Originally published in Island Ad-Vantages, November 19, 2020 and The Weekly Packet, November 19, 2020
Schools determined to stay open
Uncertainty, still, about winter sports
by Leslie Landrigan
Schools in Sedgwick, Brooklin and Deer Isle will not automatically go to remote learning if Hancock County’s safety rating goes from green to yellow, School Union 76 Superintendent Chris Elkington told parents and staff in a November 13 memo.
“Green” means “relatively low risk of COVID-19 spread,” while yellow means “elevated risk,” according to the Maine Department of Education. Hancock County is still green, but with an asterisk because of the virus spread.
“We are now being closely monitored,” Elkington said in the memo. But, he said, the SU 76 schools meet safety procedure requirements for staying open even if the county goes yellow. The schools, he said, are committed to classroom teaching unless there’s an uncontrollable local outbreak or if data from the Maine Center for Disease Control and Prevention (CDC) tells them to go remote.
Maine CDC has detected very little spread of COVID-19 in the state’s schools, Director Nirav Shah said in a November 16 news briefing. “In-person education can be done and done safely,” Shah said, adding that face coverings, Plexiglas shields and distancing are working in schools.
However, more parents want their kids back home as the pandemic spreads, Elkington told the Community School District board at its November 11 meeting. “We’re getting calls from parents who aren’t looking at the science,” he said. “They’re really worried. ‘It’s now in my town,’ ‘It’s now five houses away.’”
If the county goes yellow, sports will be canceled even if the local schools stay open, Elkington said.
The Maine Principals’ Association (MPA) hadn’t yet set a schedule for interscholastic winter sports—which at the high school is cheering and basketball—by the November 11 CSD board meeting.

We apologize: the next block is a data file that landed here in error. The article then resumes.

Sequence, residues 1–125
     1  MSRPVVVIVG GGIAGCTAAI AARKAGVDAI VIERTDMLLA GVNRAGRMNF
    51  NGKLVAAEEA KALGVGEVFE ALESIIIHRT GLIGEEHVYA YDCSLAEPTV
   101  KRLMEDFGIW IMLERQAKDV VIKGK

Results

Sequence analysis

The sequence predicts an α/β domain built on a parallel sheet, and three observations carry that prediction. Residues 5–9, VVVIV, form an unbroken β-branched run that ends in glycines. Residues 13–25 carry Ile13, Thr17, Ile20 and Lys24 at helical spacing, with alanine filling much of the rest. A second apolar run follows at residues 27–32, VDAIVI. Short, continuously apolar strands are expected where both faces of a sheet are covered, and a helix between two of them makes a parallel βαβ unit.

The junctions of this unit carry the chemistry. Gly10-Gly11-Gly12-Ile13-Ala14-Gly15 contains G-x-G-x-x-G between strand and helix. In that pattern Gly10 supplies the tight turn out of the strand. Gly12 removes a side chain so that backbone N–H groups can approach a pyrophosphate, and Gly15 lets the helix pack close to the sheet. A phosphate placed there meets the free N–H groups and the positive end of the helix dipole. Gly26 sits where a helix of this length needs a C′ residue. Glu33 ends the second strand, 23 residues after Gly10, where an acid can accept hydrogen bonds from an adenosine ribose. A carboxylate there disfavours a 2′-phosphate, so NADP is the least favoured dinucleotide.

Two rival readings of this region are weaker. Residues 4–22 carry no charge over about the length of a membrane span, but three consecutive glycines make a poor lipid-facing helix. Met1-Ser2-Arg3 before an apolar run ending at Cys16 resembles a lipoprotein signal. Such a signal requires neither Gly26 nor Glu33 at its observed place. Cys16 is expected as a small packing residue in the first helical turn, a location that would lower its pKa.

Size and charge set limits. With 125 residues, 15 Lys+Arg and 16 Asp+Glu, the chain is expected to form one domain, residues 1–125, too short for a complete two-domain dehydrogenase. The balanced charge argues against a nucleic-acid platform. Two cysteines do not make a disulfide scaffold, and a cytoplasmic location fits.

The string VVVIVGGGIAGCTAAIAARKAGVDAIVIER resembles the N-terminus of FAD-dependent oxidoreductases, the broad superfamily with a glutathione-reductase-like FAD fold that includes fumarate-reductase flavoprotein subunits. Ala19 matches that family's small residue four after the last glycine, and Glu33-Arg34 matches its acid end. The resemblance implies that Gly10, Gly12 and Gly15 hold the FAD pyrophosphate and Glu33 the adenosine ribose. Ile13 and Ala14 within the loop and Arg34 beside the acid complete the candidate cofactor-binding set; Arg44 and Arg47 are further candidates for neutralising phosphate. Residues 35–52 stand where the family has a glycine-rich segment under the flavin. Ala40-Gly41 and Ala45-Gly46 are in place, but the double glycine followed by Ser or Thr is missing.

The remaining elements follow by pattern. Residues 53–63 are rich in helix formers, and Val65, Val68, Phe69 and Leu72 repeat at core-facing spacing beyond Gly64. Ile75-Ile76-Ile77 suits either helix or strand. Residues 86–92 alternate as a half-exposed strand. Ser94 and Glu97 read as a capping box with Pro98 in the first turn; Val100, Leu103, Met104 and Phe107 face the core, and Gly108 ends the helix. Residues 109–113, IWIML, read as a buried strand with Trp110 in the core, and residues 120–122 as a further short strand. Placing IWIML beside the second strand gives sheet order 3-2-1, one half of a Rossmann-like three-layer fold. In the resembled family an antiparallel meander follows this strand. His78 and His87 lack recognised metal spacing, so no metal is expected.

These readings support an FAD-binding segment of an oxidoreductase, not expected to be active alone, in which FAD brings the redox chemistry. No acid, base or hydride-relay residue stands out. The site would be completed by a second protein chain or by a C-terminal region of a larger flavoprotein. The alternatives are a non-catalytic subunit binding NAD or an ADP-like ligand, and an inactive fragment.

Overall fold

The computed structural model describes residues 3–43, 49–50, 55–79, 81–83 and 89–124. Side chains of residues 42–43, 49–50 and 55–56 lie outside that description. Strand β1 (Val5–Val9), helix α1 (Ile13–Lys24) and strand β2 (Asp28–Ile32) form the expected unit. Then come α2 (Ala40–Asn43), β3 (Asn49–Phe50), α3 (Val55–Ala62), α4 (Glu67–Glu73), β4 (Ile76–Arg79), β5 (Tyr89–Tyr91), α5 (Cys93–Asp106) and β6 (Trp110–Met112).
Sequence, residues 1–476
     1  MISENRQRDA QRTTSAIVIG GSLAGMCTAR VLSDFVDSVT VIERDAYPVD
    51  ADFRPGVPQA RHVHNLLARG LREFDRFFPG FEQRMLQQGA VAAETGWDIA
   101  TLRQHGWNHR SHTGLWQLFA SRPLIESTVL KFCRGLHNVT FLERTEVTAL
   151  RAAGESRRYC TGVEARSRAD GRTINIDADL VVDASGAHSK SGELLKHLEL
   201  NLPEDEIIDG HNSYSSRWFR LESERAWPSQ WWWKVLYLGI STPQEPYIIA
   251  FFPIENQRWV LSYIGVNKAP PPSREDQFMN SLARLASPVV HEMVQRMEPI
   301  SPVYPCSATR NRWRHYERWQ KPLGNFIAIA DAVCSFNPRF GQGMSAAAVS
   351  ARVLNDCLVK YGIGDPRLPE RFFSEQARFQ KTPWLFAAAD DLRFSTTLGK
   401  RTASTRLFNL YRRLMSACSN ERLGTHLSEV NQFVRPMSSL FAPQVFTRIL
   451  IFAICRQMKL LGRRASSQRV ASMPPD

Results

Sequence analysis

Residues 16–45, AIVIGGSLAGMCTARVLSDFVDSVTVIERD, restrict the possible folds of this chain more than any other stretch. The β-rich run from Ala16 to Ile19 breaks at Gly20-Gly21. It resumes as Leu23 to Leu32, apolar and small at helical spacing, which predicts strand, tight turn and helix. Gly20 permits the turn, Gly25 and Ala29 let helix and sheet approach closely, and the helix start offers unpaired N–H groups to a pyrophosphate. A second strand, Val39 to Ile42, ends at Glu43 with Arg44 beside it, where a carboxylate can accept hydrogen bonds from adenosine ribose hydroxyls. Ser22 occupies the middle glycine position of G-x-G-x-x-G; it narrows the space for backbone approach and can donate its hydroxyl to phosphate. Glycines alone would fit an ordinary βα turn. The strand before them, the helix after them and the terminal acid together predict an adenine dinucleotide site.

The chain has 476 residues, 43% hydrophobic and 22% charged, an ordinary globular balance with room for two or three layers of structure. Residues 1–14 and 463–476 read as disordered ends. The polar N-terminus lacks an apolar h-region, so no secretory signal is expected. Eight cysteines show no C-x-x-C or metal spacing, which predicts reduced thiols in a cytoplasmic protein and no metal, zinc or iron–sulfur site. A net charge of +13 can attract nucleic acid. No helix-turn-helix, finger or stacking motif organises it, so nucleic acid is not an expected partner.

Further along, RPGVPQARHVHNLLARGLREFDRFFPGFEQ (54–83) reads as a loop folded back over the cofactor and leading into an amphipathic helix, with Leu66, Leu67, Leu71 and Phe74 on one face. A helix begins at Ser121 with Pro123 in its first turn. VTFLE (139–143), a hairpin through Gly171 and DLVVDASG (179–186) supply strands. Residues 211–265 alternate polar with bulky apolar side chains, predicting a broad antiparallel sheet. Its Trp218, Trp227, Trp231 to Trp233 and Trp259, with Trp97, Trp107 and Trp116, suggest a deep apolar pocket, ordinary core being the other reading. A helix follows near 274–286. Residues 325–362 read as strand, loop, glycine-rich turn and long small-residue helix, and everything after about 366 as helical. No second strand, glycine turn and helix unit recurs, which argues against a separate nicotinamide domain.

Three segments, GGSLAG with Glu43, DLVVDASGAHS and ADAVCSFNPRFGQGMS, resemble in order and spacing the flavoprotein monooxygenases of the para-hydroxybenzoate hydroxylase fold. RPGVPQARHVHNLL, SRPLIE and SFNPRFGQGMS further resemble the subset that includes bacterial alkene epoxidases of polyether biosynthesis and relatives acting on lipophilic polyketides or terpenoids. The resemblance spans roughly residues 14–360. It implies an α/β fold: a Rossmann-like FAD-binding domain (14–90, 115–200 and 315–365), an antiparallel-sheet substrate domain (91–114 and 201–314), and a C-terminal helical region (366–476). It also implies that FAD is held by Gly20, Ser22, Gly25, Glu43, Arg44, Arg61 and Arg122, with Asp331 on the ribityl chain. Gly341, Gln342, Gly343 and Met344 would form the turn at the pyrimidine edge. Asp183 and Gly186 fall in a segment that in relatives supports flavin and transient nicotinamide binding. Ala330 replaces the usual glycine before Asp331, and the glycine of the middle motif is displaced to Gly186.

Because of that, the CSD board decided to postpone decisions about winter sports, including middle-school sports, to another meeting scheduled for November 24.
“I don’t want to vote on something the MPA could change six ways from Sunday in three days,” said Board Chair Jane Osborne. Elkington said superintendents are frustrated by the MPA’s failure to decide on winter sports.
“I don’t know how we run schools,” Elkington said, adding that a lot of extra work goes into preparing for each sport during the pandemic.
In Deer Isle, the CSD planned to spend about $82,000 of federal COVID relief money to improve the high school’s ventilation systems. The district slated another $35,000 for ventilation in the Deer Isle-Stonington Elementary School. That money, however, has to be spent by year end, and Elkington said it’s likely the district can’t get needed parts by then. He told the CSD board he hopes the federal government extends the spending deadline.
“We know the ventilation work has to be done so we may continue anyway,” Elkington said.